“Eric Rigler from California was given the long In Praise of Morag to play, and a very fine job he made of it too. He could have given us more change of tempo from Taorluath to Crunluath and he did in fact have odd misses in these Variations, but with the drones going out near the end he may have tired a bit. Ronald McShannon ‘s Lament for Ronald MacDonald of Morar also began to fade a bit towards the end with some G gracenotes missing at the start of crunluaths, but his handicap is that he often changes from blowing to squeezing, and vice versa, in the middle of the high G without maintaining the same pressure.

“Willie MacCallum, also playing before his teacher as a judge, did not seem particularly comfortable with the Big Spree. His odro was always too short on the B, Variations one and two were at the same tempo and Variation three was much too nippy. Dr. Angus MacDonald with the same tune and the best bagpipe in the competition gave a very competent performance although he had a rather fast dash into the taorluath, and his crunluath from B holding the low G was a bit too elaborate. Nevertheless this performance, like that of his brother, must have been considered seriously for one of the lower places.

“Of the others Angus MacColl, also playing Ronald MacDonald of Morar, seemed to be grinding out the three beautiful Grounds. He was better with the Variations and his crunluath movement was excellent except again for the one from B holding the low G. The worse feature of his tune was that he played a crunluath a mach on this gorgeous Lament. Certainly there are some pipers who will play an a mach on anything – even, on one famous occasion which nearly gave Grant of Rothiemurchus apoplexy – on MacIntosh’s Lament. But where can there possibly be a lament in a blatter of fireworks?

“It is permitted, and expected, to have an a mach on Patrick Og, but this is different, since the great man was not dead at the time of the composition. Jonathan Gillespie was a little fast with this tune and a little square, and also he needs some work on his D taorluath a mach. Ann Spalding played a very enjoyable Iain Garve MacLeod of Raasay on a strong sounding pipe, but had one or two minor slips. Derek Fraser, who always presents a fine tune, should have taken a knife to the D hole before he started, because its flatness ruined his chances. Colin MacLellan played the wrong ending to the first line of the Big Spree and this seemed to unsettle the rest of his performance.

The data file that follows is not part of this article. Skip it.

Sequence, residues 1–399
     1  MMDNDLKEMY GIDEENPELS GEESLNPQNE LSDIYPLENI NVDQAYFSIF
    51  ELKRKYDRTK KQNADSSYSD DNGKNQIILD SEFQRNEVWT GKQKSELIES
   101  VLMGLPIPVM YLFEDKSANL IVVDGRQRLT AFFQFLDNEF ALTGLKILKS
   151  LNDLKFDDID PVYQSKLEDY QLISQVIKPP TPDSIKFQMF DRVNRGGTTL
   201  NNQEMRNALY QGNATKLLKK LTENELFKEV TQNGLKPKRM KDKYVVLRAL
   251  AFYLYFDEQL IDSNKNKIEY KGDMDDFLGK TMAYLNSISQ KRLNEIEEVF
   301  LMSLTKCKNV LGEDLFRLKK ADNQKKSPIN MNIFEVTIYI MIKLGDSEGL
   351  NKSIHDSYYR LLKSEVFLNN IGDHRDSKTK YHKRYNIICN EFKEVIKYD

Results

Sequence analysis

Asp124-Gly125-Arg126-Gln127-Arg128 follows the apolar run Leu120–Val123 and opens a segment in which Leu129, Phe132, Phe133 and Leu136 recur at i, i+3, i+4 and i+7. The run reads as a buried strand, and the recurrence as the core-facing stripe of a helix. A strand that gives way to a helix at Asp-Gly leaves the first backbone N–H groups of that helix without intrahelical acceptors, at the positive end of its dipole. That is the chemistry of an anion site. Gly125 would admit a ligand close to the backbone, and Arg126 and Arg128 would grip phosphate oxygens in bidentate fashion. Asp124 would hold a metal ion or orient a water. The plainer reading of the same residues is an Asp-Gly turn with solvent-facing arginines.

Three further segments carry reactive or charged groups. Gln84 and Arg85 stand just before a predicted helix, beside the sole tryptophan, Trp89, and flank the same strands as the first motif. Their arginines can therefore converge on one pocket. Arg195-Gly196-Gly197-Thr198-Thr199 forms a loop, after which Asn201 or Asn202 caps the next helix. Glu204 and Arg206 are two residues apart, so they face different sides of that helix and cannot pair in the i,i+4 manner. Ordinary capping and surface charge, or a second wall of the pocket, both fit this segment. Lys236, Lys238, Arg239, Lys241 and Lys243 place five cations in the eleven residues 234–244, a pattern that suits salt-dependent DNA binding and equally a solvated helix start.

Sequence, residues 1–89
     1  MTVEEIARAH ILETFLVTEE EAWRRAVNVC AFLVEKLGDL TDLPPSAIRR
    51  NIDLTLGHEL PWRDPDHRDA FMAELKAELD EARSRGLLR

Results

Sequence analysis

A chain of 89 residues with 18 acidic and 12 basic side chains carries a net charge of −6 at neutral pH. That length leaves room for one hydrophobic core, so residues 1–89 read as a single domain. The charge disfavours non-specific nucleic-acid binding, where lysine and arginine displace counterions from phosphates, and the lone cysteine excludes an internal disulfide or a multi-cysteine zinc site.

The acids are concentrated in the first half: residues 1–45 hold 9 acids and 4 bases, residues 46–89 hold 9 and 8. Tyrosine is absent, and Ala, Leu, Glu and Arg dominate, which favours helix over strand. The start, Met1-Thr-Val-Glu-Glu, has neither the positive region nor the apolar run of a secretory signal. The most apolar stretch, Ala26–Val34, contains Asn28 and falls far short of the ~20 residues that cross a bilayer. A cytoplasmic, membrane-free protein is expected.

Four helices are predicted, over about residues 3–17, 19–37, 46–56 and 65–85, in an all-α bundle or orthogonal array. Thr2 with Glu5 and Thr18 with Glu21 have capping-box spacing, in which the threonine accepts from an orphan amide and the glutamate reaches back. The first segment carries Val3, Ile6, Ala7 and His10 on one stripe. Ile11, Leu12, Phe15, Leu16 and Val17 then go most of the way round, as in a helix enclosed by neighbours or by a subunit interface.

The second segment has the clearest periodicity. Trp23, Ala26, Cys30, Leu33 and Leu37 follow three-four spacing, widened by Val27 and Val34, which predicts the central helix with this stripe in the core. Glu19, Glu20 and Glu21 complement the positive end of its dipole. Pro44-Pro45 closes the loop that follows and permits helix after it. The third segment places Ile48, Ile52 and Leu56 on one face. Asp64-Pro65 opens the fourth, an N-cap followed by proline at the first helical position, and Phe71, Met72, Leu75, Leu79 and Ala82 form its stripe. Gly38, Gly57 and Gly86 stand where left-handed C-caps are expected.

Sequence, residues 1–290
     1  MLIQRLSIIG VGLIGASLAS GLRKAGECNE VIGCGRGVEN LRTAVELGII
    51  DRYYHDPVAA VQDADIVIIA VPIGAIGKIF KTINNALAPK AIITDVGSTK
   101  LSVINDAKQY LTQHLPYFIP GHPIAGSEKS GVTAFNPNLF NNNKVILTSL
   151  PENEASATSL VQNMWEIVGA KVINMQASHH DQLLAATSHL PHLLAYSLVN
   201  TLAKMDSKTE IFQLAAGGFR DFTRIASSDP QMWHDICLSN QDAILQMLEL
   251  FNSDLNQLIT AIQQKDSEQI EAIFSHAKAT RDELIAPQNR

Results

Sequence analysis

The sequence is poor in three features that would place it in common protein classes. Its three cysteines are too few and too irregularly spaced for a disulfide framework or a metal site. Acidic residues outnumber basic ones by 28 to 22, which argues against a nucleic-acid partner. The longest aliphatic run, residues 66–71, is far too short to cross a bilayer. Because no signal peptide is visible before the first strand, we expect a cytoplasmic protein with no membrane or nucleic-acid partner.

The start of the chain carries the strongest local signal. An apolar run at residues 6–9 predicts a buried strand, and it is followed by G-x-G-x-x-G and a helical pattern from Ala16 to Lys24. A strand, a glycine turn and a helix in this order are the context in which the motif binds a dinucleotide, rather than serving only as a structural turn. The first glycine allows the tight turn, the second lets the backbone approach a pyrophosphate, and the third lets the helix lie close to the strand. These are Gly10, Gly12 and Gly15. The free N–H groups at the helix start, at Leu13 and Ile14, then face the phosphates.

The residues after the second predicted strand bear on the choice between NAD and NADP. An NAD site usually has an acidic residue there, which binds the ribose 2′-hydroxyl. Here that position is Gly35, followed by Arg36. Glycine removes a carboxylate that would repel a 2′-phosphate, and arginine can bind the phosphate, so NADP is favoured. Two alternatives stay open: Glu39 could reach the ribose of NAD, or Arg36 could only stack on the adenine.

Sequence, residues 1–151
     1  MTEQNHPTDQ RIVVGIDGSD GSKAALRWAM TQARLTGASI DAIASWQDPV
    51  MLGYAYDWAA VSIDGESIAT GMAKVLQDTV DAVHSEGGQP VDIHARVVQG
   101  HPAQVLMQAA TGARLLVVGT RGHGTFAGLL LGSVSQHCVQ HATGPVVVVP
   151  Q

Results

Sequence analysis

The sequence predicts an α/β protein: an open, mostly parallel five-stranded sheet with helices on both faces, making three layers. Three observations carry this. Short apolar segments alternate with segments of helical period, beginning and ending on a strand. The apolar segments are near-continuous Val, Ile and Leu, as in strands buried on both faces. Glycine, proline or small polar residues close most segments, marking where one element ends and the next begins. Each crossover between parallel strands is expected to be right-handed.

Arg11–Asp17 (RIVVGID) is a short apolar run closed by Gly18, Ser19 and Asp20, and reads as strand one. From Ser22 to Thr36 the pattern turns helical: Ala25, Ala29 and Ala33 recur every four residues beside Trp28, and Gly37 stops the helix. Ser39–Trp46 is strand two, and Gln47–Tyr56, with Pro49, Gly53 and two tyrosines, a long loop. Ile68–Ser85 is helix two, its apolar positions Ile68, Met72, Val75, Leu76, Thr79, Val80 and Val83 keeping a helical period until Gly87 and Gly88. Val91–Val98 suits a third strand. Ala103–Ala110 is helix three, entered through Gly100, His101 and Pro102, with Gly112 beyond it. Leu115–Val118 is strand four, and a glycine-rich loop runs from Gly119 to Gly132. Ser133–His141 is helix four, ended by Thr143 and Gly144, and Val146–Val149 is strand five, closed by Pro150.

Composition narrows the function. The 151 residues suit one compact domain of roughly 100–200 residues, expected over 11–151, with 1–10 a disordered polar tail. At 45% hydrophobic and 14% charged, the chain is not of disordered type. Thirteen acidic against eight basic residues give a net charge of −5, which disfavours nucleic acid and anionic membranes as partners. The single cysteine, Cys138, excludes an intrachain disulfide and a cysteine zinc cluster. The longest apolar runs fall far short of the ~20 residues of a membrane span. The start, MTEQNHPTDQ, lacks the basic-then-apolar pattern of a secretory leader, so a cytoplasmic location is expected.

“From the others a lot of good playing was heard but the flaws were many. Finding an order of merit- apart from the winner- must have been very difficult, but the result was eventually announced as:

  1. James McGillivray
  2. Eric Rigler
  3. Duncan MacGillivray
  4. Angus MacColl
    Judges: Hugh MacCallum, John M. MacKenzie and Ronald Morrison.

“Congratulations to all the prize winners and indeed to the many others who gave a great deal of pleasure to us who were lucky enough to be present.

Congratulations also to Ronald Morrison who had two of his pupils in the prize list.”

The Senior Piobaireachd

“The Senior Piobaireachd began at 11am in the Regent Hotel. This was the best of the four venues used, being the hotel dining room, with large windows looking out over Oban Bay. With the strong sunshine it was rather too hot but when the ceiling fans were put on after the lunch break the noise and downward flow of air was not acceptable and the next player asked for them to be switched off.

“The judges for this event were John D. Burgess, famous for winning the Gold Medal here at the age of sixteen and then making it a double by doing the same at Inverness; Ronald Lawrie of Oban, winner of the Medal in 1961; and Donald Macpherson, Medal winner in 1948 and whose record in the Senior event deserves a mention. Having competed only 24 times in this event he won it 15 times, was second twice and third three times.